In a special section on methane, the bulletin said that there has not yet been a measurable increase in Arctic methane due to melting of the permafrost and hydrates. It said that the increase in global average methane levels was rather associated with increased emissions in the tropical and mid-latitude Northern Hemisphere. Attribution of this increase to anthropogenic (human-influenced) or natural sources requires better coverage and more sophisticated observations in the atmosphere which are currently not available.
Nitrous oxide (N2O)
Nitrous oxide is emitted into the atmosphere from both natural (about 60%) and anthropogenic sources (approximately 40%), including oceans, soil, biomass burning, fertilizer use, and various industrial processes. Its atmospheric concentration in 2012 was about 325.1 parts per billion, which is 0.9 parts per billion above the previous year and 120% of the pre-industrial level. Its impact on climate, over a 100-year period, is 298 times greater than equal emissions of carbon dioxide. It also plays an important role in the destruction of the stratospheric ozone layer which protects us from the harmful ultraviolet rays of the sun.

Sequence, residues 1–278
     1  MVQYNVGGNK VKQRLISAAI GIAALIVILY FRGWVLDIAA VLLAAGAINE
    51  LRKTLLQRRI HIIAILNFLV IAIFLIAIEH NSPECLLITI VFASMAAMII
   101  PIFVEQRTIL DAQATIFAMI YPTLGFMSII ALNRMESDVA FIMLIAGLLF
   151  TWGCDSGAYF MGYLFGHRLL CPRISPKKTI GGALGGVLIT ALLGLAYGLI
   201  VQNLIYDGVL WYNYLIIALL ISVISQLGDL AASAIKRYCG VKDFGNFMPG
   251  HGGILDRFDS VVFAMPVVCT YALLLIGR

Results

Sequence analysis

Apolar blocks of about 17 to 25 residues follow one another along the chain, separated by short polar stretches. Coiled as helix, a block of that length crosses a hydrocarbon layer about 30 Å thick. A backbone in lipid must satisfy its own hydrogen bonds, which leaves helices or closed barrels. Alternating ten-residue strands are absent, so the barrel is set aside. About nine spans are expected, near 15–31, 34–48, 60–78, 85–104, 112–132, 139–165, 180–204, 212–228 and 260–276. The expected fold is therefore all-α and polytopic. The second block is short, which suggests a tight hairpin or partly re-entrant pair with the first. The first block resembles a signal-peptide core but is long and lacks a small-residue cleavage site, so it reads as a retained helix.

Other greenhouse gases
The total radiative forcing by all long-lived greenhouse gases in 2012 corresponds to equivalent CO2 concentration of 475.6 parts per million, compared to 473.0 parts per million in 2011. Other long-lived greenhouse gases include ozone-depleting chlorofluorocarbons (CFCs), as well as hydrochlorofluorocarbons (HCFCs) and hydrofluorocarbons (HFCs) which are increasing at relatively rapid rates.
Notes for Editors
The WMO Global Atmosphere Watch Programme (www.wmo.int/gaw) coordinates systematic observations and analysis of greenhouse gases and other trace species. Fifty countries contributed data for the Greenhouse Gas Bulletin. Measurement data are reported by participating countries and archived and distributed by the World Data Centre for Greenhouse Gases (WDCGG) at the Japan Meteorological Agency.
Additional resources: Intergovernmental Panel for Climate Change 5th Assessment Report
(The Physical Science Basis) http://www.climatechange2013.org/
WMO: The Global Climate 2001-2010:
A Decade of Climate Extremes http://library.wmo.int/pmb_ged/wmo_1119_en.pdf